Once in a generation opportunity to transform food and farming
A blog by Emma Slawinski, Director of Advocacy and Policy
In the coming days we're expecting the government's response to the groundbreaking National Food Strategy report. This report, an independent review for the government led by Henry Dimbleby, made very clear recommendations based on moving us from a broken food system to one which must:
Make us well instead of sick.
Be resilient enough to withstand global shocks.
Help to restore nature and halt climate change so that we hand on a healthier planet to our children.
Meet the standards the public expect, on health, environment, and animal welfare.
The report was warmly welcomed by the RSPCA.
What do we hope to see?
The report contains 14 recommendations, which would bring about the positive food production system described above. Along with many organisations concerned with animal welfare, health or the environment we're waiting anxiously to see whether the government's response will match the level of ambition expressed in the report, and the urgent need for reform. At a time where people are concerned about how to feed their families, a forward looking, progressive food strategy is more important than ever - we need to fix the food system to ensure fair access to sufficient, high-quality food for everyone.
So what do we think is needed: a trade policy that safeguards consumers, farmers and animals
The report states:
To protect farmers and ensure that the British people can have confidence in our imported food, the Government must draw up a set of "core standards" that it can use for all future trade deals. It should then explain how it intends to enforce them and thereby help to raise standards both here and abroad.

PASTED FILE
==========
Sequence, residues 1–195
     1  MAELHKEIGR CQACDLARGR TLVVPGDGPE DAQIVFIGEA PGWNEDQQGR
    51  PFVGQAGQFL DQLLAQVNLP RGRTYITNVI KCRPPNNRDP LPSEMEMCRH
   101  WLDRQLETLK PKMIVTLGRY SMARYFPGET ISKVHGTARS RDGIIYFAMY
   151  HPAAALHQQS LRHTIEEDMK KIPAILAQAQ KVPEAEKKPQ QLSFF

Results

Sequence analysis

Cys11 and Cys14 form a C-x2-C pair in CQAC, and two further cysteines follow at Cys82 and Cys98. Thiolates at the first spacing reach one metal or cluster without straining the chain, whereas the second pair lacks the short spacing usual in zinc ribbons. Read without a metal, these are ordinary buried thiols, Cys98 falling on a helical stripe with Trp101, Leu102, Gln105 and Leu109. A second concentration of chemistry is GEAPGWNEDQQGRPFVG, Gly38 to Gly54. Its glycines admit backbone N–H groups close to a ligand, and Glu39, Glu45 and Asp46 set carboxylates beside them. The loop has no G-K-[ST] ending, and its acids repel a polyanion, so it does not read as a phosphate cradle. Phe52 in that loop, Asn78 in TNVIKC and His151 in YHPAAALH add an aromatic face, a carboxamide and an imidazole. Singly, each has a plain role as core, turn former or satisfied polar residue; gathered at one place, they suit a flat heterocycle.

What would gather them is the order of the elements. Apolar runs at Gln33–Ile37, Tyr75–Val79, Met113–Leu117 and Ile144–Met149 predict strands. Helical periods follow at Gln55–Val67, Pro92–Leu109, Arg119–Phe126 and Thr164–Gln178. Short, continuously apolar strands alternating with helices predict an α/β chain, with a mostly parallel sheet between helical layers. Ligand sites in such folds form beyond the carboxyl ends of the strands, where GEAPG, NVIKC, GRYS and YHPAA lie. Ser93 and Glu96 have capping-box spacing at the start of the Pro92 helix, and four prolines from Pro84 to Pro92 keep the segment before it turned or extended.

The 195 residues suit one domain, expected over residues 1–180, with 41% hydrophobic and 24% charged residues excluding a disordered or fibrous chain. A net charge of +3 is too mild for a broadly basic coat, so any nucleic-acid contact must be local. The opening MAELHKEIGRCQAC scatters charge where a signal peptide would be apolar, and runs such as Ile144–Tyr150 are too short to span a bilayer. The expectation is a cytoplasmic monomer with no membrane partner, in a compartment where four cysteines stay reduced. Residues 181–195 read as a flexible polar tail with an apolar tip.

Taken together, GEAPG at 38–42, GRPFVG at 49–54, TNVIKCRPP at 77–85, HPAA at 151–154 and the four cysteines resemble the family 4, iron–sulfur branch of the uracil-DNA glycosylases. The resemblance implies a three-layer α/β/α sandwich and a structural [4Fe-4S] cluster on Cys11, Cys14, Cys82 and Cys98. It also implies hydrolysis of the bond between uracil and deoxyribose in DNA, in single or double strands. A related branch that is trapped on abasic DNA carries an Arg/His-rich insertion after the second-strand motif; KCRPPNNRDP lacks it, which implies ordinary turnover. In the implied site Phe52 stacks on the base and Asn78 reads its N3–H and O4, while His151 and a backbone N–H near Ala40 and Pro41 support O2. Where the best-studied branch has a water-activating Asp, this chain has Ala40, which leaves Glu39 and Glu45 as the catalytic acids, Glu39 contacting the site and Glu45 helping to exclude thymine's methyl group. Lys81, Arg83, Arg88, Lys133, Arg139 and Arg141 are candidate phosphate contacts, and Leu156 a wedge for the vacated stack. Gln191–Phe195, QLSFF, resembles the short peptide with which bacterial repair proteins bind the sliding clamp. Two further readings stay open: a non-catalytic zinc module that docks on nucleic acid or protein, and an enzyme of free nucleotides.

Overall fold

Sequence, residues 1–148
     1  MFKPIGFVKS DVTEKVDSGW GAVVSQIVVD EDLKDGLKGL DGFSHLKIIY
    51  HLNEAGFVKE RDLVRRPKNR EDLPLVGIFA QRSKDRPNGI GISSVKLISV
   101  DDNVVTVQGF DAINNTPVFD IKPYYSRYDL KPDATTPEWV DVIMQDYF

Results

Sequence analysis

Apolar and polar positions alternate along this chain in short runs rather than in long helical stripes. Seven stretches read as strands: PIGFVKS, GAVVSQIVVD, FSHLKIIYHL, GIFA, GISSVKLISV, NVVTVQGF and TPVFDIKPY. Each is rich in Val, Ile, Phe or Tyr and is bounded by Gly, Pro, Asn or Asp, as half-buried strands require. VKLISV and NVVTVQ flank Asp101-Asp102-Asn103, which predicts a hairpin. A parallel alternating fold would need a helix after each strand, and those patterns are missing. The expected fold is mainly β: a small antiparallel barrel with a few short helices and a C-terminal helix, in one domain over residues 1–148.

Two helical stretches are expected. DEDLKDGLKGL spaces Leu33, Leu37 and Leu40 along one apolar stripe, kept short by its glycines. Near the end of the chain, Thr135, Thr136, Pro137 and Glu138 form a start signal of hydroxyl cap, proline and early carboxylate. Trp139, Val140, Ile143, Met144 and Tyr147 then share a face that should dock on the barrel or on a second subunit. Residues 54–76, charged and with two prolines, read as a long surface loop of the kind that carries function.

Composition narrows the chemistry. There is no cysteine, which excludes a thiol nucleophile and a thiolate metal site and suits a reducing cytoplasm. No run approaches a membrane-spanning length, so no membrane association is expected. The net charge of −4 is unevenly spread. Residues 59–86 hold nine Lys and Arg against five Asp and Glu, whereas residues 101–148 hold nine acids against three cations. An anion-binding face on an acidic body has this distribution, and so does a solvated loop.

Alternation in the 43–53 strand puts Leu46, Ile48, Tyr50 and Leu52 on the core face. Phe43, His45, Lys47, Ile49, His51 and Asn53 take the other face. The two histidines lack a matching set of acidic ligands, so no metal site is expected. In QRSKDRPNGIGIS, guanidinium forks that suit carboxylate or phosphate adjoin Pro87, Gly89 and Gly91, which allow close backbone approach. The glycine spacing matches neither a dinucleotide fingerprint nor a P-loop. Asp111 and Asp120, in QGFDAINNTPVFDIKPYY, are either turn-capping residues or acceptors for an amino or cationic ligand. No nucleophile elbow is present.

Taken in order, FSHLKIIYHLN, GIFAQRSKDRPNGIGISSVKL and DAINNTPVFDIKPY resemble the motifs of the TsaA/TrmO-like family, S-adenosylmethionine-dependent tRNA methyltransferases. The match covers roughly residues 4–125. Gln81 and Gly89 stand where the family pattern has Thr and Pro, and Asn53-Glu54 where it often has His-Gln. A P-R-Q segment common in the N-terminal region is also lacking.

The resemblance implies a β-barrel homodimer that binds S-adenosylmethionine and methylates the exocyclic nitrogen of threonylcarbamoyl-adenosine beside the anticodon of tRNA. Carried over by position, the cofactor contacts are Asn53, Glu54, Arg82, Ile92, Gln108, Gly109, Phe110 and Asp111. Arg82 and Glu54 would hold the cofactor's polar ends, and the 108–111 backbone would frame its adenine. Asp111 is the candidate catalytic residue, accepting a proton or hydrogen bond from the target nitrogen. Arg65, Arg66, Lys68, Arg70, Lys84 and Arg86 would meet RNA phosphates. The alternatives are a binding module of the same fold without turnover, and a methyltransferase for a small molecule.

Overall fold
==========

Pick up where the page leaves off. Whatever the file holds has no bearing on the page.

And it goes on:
We agree with the idea of core standards and indeed the case for them now is even greater. Next month Parliament is likely to nod through the Australian free trade agreement which will at a stroke allow in four times as much lamb and 60 times as much beef as now but crucially without any equivalence on animal welfare standards.
We know standards on beef and lamb are lower in Australia than here. We don't allow mulesing here or transporting cattle 48 hours without food and water. But without those set of core standards the Government was left exposed when it sat down to negotiate the trade deal.
At a time when the UK is already negotiating with a further 10 countries including India and Canada which continue to permit the conventional battery cage for laying hens or sows stalls for pigs, it is vital for the UK to show where its red lines lie on animal welfare. Mandatory labelling or permitting dual tariffs may be proposed as a compromise solution but we agree with Dimbleby's review that only a trade policy which includes a set of core standards will ensure British confidence in imported food can continue.
Labelling that helps consumers to make informed decisions
The government's response to the report provides a perfect opportunity for an announcement of their intention to introduce a mandatory method of production labelling.
We've already seen how consumers like a method of production labelling. It is widely cited as a major factor in free-range eggs now being the most popular category in the supermarket. Extending this model would see all meat and dairy products labelled with the farming method in which the animal was raised. This would be a positive step for consumers, allowing them to cut through often misleading marketing imagery, and make an informed choice, and would support our British farmers, ensuring those farming to higher standards are visibly distinct.